Once I put my training schedule together, I felt empowered, ready, and psyched to tackle it. I was prepared for the moment when it would feel hard and challenging in a way that I would want to back off, or ease up. The thing is, I never really know when that will happen. And, knowing that the training is creating a challenge versus over training, is an art, not a science.
The first days of training are usually really productive, potentially over productive. The enthusiasm to get underway supersedes some sense of logic, plus with the energy high, the body feels the most willing. At least until after the first couple of sessions, then the training sets in and the body feels, well, less than willing.
Actually, there is a mental component that creeps in about this time. It’s the first sign that training is working. Climbing fresh all of the time trains oneself to only be successful when you are fresh. Climbing when taxed or tired has then been associated with being done, unable to climb more. This mental stage is a critical piece to training and while a “sign of training” it can also be dismissed as “the training must be working,” when in fact, you are heading down the path to over training.
This is where the art of training comes in. Learning to listen to your body is the number one tool to develop in order to train yourself well, and push yourself beyond. Therefore, while I could simply lay out a do x, y, z training implement for you or illustrating what I’ve done, it may not suit you. In fact, while it might suit you at first, it may not develop you in the way you intend. In that way, training is highly personalized. Yet, there are general training ideas and practices which I can share that provide a spring board to give you ideas for your own training.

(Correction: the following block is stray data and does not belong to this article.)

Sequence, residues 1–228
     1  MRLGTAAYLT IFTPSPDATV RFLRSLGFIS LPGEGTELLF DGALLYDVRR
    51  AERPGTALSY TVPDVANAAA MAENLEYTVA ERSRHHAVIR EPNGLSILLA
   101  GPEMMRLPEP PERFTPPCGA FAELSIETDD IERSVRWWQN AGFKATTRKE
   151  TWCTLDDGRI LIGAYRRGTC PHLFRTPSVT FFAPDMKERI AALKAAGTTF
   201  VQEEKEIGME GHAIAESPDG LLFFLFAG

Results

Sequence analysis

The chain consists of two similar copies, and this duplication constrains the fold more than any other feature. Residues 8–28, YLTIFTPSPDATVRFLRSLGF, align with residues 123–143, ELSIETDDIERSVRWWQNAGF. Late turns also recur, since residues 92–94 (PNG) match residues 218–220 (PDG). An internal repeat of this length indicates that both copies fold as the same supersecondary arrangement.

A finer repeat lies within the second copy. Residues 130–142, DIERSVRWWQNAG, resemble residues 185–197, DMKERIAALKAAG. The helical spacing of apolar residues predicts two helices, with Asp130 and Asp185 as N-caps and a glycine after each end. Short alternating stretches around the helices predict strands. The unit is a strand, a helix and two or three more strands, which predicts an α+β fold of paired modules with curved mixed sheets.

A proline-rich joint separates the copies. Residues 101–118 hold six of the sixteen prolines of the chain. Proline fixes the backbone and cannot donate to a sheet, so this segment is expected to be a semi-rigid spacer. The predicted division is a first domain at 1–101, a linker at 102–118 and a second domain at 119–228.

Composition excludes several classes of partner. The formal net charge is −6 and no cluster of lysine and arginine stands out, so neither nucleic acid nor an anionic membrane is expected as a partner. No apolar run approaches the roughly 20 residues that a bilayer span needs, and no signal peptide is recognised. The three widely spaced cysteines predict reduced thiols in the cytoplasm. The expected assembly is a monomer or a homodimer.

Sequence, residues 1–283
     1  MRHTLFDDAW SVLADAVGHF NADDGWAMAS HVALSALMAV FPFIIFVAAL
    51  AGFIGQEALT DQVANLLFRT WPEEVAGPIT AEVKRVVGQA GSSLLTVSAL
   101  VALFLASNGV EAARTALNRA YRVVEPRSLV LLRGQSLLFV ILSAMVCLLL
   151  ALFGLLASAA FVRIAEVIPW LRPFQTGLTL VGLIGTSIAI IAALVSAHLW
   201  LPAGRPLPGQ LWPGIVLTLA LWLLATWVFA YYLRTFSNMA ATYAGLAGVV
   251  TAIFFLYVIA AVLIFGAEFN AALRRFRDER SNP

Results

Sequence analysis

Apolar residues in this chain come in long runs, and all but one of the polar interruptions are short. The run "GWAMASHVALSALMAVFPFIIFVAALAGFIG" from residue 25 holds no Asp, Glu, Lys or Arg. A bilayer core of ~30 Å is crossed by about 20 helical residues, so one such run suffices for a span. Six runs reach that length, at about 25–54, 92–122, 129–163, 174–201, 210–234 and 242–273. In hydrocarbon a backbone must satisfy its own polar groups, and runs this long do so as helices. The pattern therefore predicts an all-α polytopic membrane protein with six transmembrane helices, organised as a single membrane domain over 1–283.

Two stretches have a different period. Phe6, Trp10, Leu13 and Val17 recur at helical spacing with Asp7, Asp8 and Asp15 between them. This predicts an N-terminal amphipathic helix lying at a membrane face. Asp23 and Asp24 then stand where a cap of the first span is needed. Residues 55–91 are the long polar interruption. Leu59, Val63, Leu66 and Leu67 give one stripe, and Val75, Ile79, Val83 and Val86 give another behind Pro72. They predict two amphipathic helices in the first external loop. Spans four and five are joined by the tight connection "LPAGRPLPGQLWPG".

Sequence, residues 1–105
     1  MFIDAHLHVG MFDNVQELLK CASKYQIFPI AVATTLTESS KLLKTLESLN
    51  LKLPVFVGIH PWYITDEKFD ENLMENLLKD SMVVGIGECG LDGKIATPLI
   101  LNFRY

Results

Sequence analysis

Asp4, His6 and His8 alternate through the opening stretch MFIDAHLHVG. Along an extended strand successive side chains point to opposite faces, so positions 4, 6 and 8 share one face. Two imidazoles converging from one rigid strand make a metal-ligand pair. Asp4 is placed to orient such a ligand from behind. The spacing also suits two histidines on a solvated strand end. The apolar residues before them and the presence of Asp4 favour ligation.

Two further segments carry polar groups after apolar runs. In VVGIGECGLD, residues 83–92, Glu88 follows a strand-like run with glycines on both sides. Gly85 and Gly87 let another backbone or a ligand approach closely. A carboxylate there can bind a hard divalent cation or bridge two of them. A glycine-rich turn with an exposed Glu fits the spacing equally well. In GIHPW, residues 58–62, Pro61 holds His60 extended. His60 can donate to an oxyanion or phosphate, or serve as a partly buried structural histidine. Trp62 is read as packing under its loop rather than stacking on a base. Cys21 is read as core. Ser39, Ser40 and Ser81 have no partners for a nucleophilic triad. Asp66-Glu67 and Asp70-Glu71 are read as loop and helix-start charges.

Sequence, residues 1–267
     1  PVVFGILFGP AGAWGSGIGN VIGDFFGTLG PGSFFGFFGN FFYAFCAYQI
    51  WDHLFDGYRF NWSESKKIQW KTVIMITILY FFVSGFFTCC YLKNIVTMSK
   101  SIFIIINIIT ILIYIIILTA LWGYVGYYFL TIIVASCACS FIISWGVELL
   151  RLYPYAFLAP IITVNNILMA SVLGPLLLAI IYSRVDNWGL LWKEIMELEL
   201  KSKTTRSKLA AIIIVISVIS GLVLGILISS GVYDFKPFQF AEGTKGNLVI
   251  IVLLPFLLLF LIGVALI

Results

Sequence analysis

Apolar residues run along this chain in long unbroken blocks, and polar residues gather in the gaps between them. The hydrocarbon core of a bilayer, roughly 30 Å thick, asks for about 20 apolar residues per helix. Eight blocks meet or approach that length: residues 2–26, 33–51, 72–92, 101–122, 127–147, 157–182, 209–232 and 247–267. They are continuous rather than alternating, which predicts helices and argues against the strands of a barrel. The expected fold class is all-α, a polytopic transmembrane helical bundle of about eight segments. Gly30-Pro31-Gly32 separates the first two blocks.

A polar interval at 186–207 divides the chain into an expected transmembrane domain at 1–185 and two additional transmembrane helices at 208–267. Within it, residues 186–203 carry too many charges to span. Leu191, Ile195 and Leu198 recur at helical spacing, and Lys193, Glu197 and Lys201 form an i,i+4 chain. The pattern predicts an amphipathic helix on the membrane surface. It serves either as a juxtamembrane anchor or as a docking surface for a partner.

Recently I taught a hang board clinic at the local gym, where I’m affiliated. A woman came up to me after and asked a bit skeptically “did the hang board work out really take 2 hours?” Yes, it did. People were not hanging for 2 hours, but there was a lot of content to cover and a lot of individual understanding and tailoring in order to make the clinic beneficial for those that attended.
This is what I mean about training specifics. Therefore, I’ll share some specifics, along with some theories and I’m open to hearing your thoughts. After all, I’ve never been coached in sport climbing or sport climbing competitions. I’m simply using my strengths and understandings from bouldering competitions along with input of experts to help guide me.
My first sport climbing competition was the US Nationals. There are and were no adult qualifiers, let alone local or regional competitions for adults. Therefore, when I signed up, I had no idea what to expect and was caught off guard by some aspects like: the elimination of draws such that the routes had every other draw making the competition more “heady,” routes would wander, and there are strategies to try for a high point. I learned a lot in that competition and was honored to place well enough to represent the US in the first World Cup on US Soil in over 20 years.
I’m not all that refined since then, actually. I tried for another shot at the US National team the following year but it was premature, too soon after a shoulder surgery. That was the last time I did a major competition. I assumed I had retired, but the lure of “one last chance” and the common, stuck in a gym dealing with life stuff, lent itself quite well to attempting this one. If there’s any shot I have at all in a climbing competition, this would be it.
While I wanted to write this when it was happening, I’m catching you up now. That first week after planning my training, the training went great! Psyche was high, the effort felt good, and everything was going according to plan.
Next up I’ll give you a look into my plan, what it was based off of and how it’s turned out so far.
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